- Training & Events
- Buyer's Guide
"I suspect our staff is mixing lubricants before they are even used. Is there a simple way to determine this?"
Unfortunately, there is not an easy way to tell if lubricants have been mixed unless they have vastly different viscosities, such as ISO 32 and ISO 680. You then most likely would see a thickening or thinning of the lubricant. Also, if a red automatic transmission fluid (ATF) was mixed with an engine oil, there might be some type of color change.
However, there is one way to find out if the lubricant's viscosity has been affected without having to employ a laboratory. It involves a viscometer or a Visgage, which is a viscosity comparator that uses the falling ball viscosity measurement concept. Its principle of operation is based on comparing the viscosity of the test fluid with a reference fluid of known viscosity. The Visgage is also a good tool to have on hand for checking whether new oils coming into your facility are what you ordered.
Other than using this method, you will need to find a reputable lab to establish a baseline for the lubricants and then have the suspect lubricant tested. Once this has been completed, you can compare the results and make a definitive conclusion. Depending on the quantity of lubricant involved, this type of testing may be cost-prohibitive or just not make good sense. It might be more efficient to simply dispose of the lubricant and start again.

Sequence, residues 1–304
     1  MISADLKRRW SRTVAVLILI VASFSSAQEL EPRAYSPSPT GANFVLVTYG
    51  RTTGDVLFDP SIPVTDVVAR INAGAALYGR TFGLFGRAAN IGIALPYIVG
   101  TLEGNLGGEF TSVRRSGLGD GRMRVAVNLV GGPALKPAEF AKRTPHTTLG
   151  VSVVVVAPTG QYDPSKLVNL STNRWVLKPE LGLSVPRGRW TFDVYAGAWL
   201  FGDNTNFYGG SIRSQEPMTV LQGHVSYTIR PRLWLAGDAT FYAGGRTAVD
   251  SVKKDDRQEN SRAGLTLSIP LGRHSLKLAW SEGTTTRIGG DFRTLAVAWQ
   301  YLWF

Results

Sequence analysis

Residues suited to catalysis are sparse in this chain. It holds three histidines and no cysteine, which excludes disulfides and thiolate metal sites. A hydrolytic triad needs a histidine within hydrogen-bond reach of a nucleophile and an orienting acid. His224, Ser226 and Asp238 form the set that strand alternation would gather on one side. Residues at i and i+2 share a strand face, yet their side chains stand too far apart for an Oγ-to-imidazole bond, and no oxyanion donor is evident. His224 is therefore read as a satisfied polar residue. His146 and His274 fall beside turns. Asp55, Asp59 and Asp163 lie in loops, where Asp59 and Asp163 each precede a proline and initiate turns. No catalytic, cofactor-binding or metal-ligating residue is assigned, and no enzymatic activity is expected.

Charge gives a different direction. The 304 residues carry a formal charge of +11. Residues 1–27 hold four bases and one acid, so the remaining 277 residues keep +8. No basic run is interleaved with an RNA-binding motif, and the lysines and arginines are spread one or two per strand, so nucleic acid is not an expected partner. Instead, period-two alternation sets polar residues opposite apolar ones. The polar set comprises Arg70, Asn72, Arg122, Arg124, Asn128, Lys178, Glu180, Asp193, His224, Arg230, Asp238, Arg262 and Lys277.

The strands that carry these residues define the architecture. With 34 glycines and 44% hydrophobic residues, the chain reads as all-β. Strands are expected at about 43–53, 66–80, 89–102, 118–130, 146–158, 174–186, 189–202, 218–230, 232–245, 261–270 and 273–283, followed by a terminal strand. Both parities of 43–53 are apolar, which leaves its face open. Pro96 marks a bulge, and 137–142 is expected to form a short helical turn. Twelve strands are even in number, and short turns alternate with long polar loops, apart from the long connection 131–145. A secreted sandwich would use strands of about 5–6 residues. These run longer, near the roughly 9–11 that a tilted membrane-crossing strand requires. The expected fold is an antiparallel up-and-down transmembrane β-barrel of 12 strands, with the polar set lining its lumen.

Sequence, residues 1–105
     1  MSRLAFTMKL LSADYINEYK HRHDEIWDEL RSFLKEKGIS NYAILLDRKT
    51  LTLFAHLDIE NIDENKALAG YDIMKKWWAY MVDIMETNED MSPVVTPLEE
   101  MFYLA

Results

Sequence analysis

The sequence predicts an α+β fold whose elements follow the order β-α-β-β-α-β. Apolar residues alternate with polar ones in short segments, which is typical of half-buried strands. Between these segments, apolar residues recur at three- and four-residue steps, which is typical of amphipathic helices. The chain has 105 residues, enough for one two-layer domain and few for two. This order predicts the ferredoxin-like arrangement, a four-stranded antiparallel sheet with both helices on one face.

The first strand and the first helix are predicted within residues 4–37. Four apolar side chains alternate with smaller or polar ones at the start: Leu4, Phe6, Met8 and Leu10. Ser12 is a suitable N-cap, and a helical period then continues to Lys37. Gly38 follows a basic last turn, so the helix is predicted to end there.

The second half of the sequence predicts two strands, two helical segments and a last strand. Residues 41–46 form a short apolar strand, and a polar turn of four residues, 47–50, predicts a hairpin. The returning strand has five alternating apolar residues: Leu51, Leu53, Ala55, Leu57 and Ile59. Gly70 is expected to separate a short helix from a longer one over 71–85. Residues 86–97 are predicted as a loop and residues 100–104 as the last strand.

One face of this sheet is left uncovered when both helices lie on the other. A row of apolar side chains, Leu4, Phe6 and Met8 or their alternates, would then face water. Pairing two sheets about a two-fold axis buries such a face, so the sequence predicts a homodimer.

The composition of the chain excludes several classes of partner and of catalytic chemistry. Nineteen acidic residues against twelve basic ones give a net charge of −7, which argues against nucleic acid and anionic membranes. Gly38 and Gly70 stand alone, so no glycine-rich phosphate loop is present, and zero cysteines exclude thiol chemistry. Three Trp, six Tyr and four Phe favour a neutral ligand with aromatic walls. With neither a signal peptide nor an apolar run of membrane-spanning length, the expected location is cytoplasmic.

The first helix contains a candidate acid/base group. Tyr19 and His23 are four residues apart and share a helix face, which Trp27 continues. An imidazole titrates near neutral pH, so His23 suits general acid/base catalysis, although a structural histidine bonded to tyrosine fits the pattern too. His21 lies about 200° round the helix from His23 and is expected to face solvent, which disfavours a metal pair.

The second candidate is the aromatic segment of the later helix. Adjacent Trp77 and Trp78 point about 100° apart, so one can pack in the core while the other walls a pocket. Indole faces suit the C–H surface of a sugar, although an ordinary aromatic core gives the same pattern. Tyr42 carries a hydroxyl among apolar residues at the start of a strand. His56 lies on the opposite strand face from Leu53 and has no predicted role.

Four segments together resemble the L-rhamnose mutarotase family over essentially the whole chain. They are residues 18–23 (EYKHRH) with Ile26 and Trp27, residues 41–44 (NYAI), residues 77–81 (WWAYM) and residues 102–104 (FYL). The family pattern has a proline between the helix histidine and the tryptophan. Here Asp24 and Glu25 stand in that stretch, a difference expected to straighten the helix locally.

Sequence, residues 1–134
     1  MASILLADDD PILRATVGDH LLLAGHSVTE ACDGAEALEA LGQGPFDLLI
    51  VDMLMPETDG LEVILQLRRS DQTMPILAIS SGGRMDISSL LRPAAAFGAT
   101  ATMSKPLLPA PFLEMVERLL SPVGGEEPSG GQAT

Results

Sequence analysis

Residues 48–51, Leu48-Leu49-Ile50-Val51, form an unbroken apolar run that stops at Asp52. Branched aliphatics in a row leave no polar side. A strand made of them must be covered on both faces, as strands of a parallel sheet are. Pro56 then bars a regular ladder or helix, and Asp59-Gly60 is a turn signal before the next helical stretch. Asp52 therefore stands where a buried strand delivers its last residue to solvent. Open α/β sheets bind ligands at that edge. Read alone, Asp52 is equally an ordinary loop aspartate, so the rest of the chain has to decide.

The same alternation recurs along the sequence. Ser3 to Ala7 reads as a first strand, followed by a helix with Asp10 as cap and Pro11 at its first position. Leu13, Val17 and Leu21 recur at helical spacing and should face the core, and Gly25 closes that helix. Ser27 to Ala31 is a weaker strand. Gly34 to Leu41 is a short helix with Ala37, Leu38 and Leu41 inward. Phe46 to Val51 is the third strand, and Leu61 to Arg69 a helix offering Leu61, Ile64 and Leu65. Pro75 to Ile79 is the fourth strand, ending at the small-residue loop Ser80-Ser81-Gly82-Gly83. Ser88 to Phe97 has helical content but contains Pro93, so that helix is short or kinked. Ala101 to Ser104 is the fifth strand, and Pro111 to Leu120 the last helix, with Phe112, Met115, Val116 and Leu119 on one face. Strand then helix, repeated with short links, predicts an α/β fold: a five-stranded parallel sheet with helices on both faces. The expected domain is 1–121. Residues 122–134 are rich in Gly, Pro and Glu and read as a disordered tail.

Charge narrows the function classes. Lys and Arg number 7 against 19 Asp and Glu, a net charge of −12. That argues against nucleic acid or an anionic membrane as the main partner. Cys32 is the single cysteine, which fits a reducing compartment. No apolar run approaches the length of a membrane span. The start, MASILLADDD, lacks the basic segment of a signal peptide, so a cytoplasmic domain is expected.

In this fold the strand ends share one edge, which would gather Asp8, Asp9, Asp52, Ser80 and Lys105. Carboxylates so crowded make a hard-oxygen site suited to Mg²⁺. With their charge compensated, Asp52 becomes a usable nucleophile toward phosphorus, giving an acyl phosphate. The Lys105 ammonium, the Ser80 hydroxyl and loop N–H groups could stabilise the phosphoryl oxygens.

The best solution would be to avoid this problem in the first place by having trained staff members and well-labeled/color-coded equipment. Using a different sealable and reusable container for each lubricant can help to prevent cross-contamination.
Keep in mind that mixing oils can have far-reaching effects. For instance, even if two gear oils are the same viscosity and have similar additive packages, one may have sulfur-phosphorus extreme-pressure (EP) additives. These can be detrimental to a worm gearbox with brass gears, as the sulfur-phosphorus EP additives are too aggressive on softer yellow metals due to the length of contact between the teeth of the bull and worm gears.
In some cases, this may not be a major problem, especially if the lubricants are the same type and have the same base oil and additive package but are just different brands. Nevertheless, for peace of mind, when in doubt, change it out.